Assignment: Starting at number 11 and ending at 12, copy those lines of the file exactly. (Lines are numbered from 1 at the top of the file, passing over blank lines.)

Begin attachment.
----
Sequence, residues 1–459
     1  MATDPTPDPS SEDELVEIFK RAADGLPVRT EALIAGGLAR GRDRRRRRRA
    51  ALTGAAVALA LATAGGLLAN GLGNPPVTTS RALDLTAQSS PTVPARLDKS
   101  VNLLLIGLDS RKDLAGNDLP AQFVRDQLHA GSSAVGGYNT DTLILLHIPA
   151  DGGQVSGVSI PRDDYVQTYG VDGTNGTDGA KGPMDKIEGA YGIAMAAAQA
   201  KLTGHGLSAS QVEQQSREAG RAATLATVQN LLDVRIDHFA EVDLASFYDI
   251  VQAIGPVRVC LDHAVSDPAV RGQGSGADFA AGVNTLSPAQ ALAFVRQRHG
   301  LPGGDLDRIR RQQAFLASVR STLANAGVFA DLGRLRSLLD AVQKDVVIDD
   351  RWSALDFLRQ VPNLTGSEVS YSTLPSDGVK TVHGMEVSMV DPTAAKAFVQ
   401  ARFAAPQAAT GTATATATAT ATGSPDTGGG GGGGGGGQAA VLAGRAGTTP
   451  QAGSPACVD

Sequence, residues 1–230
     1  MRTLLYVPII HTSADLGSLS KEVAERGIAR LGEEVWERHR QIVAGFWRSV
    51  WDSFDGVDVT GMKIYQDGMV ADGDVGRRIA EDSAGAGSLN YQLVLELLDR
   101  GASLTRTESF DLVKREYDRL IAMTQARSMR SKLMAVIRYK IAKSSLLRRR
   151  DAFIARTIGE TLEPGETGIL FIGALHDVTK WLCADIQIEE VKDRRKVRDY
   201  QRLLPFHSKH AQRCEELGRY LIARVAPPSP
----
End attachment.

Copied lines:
   451  QAGSPACVD

Sequence, residues 1–230